Seeds falling onto the plumage of birds, or the fur of animals, tend to stick and may be dispersed for long distances. About 7% of birds and mammals trapped carried seeds, this rose to 22% during the 2-week period of maximum seed release (Hawksworth and Johnson, 1989).
Logging and movement of timber which has not been completely de-barked, can result in movement of complete plants of Arceuthobium and possible transfer of seeds and establishment of new infestations.
Accidental introduction of Arceuthobium spp. into new areas or continents does not appear very likely. Seeds are short-lived, and unlikely to reach a host tree under circumstances in which they could develop. Conifer plants could carry living mistletoe plants, especially in the prolonged endophytic stage before the external plant develops, but young plants, as normally traded, are not very likely to be infected. Mistletoes could be carried on cut branches, including Christmas trees, and possibly on logs with bark (though mistletoes normally occur on the branches of trees, not on trunks). But it seems unlikely that mistletoes borne on cut, dead plants present any risk of transmission. Accordingly, introduction can be prevented relatively easily. The prohibition of import of plants for planting of the main host genera (as established, for example, in the phytosanitary regulations of the European Union) blocks the only really dangerous pathway.
Intentional introduction would seem extremely unlikely, other than for research.
Plant TradeTop of page
|Plant parts liable to carry the pest in trade/transport||Pest stages||Borne internally||Borne externally||Visibility of pest or symptoms|
|Stems (above ground)/Shoots/Trunks/Branches||whole plants|
|Plant parts not known to carry the pest in trade/transport|
|Fruits (inc. pods)|
|Growing medium accompanying plants|
|True seeds (inc. grain)|
Impact SummaryTop of page
|Fisheries / aquaculture||None|
ImpactTop of page Economic Impact
Arceuthobium species as a whole are regarded as some of the most serious of all pests/diseases of North American forests. Dwarf mistletoes are very much more damaging to their hosts than the 'green' mistletoes in both Loranthaceae and Viscaceae. Having little photosynthetic capacity, they draw more heavily on host carbohydrate, and furthermore interfere with photosynthate translocation to the roots. The mistletoe has a girdling effect, resulting in an accumulation of photosynthate above the site of infection. Apparently carbohydrates are withheld from the roots in quantities sufficient to cause the characteristic decline of the tree (Rediske and Shea, 1961; Hawksworth and Wiens, 1996). There are also severe growth-regulatory effects resulting from cytokinin production at the point of infection and the redirection of host photosynthate into the resulting witches broom growths. These distort and suppress growth of branches and even the main trunk. Wood quality is further affected as a result of swellings, witches' brooms and knots, and structural weakening associated with shortened, distorted tracheids. Hawksworth and Johnson (1989) describe the range of damaging effects from A. americanum on Pinus contorta. The proportion of timber in the stronger vigour classes A and B was 55% in uninfected stands vs. 33% in infected. Diameter growth has been shown to suffer a 5% reduction for every decade since infection. Hence trees infected for 70 years have a diameter only 65% of uninfected trees. A formula has been developed for estimating the radial growth reduction from different levels of infection on the 0-6 scale (Myers et al., 1971). Tree height is also affected; while a mistletoe rating of 2 causes only a 2% height reduction over 10 years, a rating of 4 causes 18% reduction and a rating of 6 causes 60% reduction over the same period. Mistletoe ratings of 4 and above result in about twice the normal mortality rate, and the overall reductions in merchantable timber from heavy infestation (ratings 5-6) approach 50%. In western Canada, estimated losses of Pinus contorta from A. americanum included volume losses of 170,000 m³/year due to growth reduction, 898,000 m³/year due to mortality and 10,726,000 m³/year due to wood decay (Brandt, 1995). In Manitoba, the overall volume reduction in P. banksiana, due to dwarf mistletoe, represented 4-8% of the merchantable volume timber in the surveyed area (Baker et al., 1992). In P. banksiana it has also been shown that moderate or heavy infection by A. americanum reduces viable seed production by at least 75% (Sproule, 1996).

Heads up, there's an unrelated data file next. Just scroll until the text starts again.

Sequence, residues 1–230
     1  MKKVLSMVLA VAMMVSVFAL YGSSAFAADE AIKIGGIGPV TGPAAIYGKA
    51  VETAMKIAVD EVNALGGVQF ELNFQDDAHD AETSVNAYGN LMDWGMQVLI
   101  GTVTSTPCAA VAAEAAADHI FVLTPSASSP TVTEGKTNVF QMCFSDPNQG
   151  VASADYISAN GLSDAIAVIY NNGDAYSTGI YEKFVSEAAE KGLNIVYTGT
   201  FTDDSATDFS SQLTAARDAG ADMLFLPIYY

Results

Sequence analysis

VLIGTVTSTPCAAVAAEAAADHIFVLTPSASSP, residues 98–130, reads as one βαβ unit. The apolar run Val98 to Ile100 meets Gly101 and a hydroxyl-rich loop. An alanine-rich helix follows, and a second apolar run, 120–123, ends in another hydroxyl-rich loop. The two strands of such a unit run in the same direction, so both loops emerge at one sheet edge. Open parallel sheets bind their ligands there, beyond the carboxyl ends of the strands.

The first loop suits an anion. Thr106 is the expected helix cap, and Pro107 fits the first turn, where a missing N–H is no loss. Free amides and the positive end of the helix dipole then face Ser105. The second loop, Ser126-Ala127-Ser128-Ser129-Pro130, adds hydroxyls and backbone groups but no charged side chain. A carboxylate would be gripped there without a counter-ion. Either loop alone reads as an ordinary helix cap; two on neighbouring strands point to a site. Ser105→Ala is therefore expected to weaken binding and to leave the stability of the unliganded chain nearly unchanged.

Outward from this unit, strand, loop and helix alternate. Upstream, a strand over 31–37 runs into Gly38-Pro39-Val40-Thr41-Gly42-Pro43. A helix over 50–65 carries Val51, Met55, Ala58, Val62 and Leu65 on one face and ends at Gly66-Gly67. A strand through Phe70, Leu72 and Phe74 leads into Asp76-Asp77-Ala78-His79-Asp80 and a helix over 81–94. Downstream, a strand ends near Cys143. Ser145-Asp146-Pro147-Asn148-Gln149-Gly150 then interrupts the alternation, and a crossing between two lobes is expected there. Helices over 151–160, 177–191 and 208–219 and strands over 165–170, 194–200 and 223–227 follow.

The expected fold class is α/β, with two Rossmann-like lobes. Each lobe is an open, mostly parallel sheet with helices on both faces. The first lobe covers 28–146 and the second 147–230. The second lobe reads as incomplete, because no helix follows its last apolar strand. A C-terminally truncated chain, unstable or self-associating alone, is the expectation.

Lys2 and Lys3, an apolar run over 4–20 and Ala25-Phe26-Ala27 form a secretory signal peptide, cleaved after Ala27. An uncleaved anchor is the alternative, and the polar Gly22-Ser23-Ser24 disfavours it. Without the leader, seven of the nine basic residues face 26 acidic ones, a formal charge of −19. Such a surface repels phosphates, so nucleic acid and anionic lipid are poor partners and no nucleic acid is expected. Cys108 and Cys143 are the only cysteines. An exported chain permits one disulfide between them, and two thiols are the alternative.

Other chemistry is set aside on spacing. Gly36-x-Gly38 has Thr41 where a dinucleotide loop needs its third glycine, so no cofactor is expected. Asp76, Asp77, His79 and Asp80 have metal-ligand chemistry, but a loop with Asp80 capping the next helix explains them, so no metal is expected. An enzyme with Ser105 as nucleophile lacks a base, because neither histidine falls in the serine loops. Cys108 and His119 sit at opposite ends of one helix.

Environmental ImpactTop of page Severe infestation by A. americanum can result in significant mortality and the opening up of forest stands, but no major change in the plant community.
Impact: BiodiversityTop of page The opening of the canopy, and the creation of witches' brooms may result in some increase in biodiversity, as a number of bird species have been noted to favour the witches' brooms as nesting sites.
Social ImpactTop of page No serious social impact has been recorded.
Risk and Impact FactorsTop of page Invasiveness
- Invasive in its native range
- Highly mobile locally
- Has high reproductive potential
- Negatively impacts agriculture
- Competition - monopolizing resources
- Difficult/costly to control
UsesTop of page No uses of this species are known.
Similarities to Other Species/ConditionsTop of page Arceuthobium species are all superficially similar in their morphology and difficult to separate. A. americanum is, however, distinguished from most others in N. America by its verticillate (whorled), rather than flabellate (fan-like) branching. The only other species with similar branching are A. abietis-religiosae, which only occurs on Picea spp. in Mexico, and A. verticilliflorum, with much larger fruits 10 mm long, on Pinus spp. also in Mexico; also the most widespread Old-World species, A. oxy-cedri, but this is greener in colour and occurs mainly on Juniperus species, and never on Pinus spp. Detailed keys are provided in Hawksworth and Wiens (1996), and Geils et. al. (2002).